McGinley, W. Mark1; Throop, Diane, B. 2 and Coulbourne, William, L.3
1 Professor, PE, Ph.D, F.ASTM, Department of Civil and Environmental Engineering, University of Louisville, Louisville KY, 40292, USA, email@example.com.
2 Principal, PE, F.ASTM, F.TMS, Diane Throop PE, LLC (formerly Director of Engineering, International Masonry Institute), 438 Winchester Lane, Sunset, SC 29685USA, firstname.lastname@example.org.
3 Consultant, PE, F.SEI, F.ASCE, 19266 Coastal Highway, Unit 4, #19 Rehoboth Beach, DE 19971, USA, Bill@coulbourneconsulting.com.
Urbanization, increases in population, and climate change have placed increasing numbers of the populace in areas subjected to high winds across the globe. In response to this, the 2015 edition of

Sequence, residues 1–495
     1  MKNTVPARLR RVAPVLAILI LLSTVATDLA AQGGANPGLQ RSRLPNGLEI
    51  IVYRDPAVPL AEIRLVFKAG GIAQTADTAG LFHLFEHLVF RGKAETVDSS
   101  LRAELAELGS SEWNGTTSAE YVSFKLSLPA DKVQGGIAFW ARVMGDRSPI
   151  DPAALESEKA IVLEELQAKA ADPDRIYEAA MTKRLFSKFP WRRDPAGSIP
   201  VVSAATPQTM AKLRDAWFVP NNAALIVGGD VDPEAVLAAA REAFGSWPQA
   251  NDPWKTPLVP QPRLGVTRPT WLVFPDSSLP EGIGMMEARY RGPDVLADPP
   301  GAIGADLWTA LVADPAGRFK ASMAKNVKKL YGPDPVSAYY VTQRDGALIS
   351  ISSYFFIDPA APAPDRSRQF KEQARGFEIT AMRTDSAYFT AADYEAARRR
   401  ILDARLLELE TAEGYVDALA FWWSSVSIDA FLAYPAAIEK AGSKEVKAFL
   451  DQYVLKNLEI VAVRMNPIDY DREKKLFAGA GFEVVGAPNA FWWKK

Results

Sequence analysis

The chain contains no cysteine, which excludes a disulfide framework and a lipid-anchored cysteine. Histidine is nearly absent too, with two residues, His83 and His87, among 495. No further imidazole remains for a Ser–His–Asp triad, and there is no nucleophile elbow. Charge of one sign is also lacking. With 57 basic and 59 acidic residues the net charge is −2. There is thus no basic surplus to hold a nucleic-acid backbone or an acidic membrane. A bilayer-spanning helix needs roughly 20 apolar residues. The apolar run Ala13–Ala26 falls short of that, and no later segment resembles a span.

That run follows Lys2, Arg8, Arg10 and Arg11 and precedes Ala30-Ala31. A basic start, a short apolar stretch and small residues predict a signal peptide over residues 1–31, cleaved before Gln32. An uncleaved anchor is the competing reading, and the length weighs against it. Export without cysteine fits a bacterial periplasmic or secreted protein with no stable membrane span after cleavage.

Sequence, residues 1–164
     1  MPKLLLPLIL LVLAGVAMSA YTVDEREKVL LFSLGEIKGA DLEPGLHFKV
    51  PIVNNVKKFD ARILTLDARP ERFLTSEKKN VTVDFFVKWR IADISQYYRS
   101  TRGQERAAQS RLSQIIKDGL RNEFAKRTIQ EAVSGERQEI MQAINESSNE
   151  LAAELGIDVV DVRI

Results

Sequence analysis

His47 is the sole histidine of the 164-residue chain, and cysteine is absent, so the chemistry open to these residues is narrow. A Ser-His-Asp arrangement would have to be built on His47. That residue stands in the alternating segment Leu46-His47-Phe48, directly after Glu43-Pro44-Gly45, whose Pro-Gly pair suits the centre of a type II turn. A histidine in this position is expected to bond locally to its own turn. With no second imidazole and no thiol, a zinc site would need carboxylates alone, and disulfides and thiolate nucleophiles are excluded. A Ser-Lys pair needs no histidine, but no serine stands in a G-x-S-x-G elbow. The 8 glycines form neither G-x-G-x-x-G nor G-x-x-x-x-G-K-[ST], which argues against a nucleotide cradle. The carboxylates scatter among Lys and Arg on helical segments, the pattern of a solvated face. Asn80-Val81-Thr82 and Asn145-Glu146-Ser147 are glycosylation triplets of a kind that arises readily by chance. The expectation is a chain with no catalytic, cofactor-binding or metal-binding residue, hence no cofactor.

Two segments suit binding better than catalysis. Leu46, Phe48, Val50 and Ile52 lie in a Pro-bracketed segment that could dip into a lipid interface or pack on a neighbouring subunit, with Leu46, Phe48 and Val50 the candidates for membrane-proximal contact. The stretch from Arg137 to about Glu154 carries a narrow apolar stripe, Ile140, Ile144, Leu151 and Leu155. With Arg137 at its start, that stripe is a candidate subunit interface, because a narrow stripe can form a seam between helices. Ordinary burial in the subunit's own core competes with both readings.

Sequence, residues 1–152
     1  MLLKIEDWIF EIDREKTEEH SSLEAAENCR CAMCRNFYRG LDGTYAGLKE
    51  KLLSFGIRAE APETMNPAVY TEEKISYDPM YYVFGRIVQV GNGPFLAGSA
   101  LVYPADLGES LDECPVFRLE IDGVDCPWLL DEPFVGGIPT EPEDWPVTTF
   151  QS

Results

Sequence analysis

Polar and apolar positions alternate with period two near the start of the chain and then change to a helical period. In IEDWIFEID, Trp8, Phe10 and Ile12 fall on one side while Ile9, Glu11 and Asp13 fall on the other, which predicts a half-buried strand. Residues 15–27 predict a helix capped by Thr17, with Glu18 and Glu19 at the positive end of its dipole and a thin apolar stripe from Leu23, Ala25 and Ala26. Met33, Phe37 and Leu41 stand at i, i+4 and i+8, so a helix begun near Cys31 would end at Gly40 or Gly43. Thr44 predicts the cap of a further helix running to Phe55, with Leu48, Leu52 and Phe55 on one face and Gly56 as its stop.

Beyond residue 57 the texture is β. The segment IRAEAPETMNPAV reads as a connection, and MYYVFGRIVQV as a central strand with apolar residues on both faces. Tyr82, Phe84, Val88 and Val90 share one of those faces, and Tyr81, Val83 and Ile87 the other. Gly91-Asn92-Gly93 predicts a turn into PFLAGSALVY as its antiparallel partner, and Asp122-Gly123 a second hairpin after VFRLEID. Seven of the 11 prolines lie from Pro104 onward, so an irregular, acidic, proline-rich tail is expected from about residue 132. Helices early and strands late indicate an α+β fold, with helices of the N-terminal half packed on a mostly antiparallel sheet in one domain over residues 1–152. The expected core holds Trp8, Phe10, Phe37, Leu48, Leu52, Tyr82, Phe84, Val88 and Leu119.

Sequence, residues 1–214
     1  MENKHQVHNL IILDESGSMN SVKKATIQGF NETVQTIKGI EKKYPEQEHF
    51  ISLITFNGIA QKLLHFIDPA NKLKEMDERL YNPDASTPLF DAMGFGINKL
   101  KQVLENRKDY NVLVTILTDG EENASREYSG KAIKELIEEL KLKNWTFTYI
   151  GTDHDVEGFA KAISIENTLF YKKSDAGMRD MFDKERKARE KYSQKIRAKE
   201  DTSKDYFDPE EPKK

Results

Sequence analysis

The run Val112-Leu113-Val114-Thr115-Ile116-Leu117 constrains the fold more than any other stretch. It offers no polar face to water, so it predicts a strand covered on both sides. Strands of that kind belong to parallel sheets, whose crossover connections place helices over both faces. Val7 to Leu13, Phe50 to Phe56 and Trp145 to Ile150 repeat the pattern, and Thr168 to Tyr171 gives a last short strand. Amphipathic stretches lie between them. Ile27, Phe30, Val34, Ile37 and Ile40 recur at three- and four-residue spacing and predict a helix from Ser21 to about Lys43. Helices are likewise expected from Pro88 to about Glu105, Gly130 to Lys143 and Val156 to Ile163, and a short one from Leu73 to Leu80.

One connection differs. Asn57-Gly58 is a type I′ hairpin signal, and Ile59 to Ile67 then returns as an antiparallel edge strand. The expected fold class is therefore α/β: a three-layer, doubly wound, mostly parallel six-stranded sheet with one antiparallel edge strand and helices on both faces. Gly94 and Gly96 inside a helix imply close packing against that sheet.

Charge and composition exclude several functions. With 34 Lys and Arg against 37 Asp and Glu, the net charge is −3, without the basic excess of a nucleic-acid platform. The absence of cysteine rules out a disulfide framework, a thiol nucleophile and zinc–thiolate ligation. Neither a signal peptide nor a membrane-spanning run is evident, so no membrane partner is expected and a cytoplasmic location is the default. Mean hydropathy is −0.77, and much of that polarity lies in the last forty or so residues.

the International Building Code (IBC) requires that most schools and emergency facilities located in a significant portion of the Central US contain tornado shelters. These shelters must be designed to resist wind speeds up to 250 mph, be tornado debris impact resistant, accommodate all the building occupants and, must meet other requirements described in the ICC 500, Standard for the Design and Construction of Storm Shelters. For areas that use the 2015 IBC, this new requirement will impact the majority of new school and emergency facility construction spanning as far north as central Minnesota, as far south as southern Mississippi, and stretching to western Pennsylvania in the east and western Texas to the west. Masonry can provide safe, practical and cost effective solutions for sheltering from tornados and high wind events. For years however, the only masonry solutions that were tested and passed the tornado debris impact testing were solidly grouted masonry walls. This paper will summarize the results of recent tornado missile debris impact tests conducted on partially grouted brick and block cavity wall systems. Also summarized in this paper is an investigation of the use of exterior masonry wall systems in typical school configurations to provide these mandated tornado shelters with minimum increase in costs and changes in design. Both solidly grouted single wythe walls and cavity walls are addressed.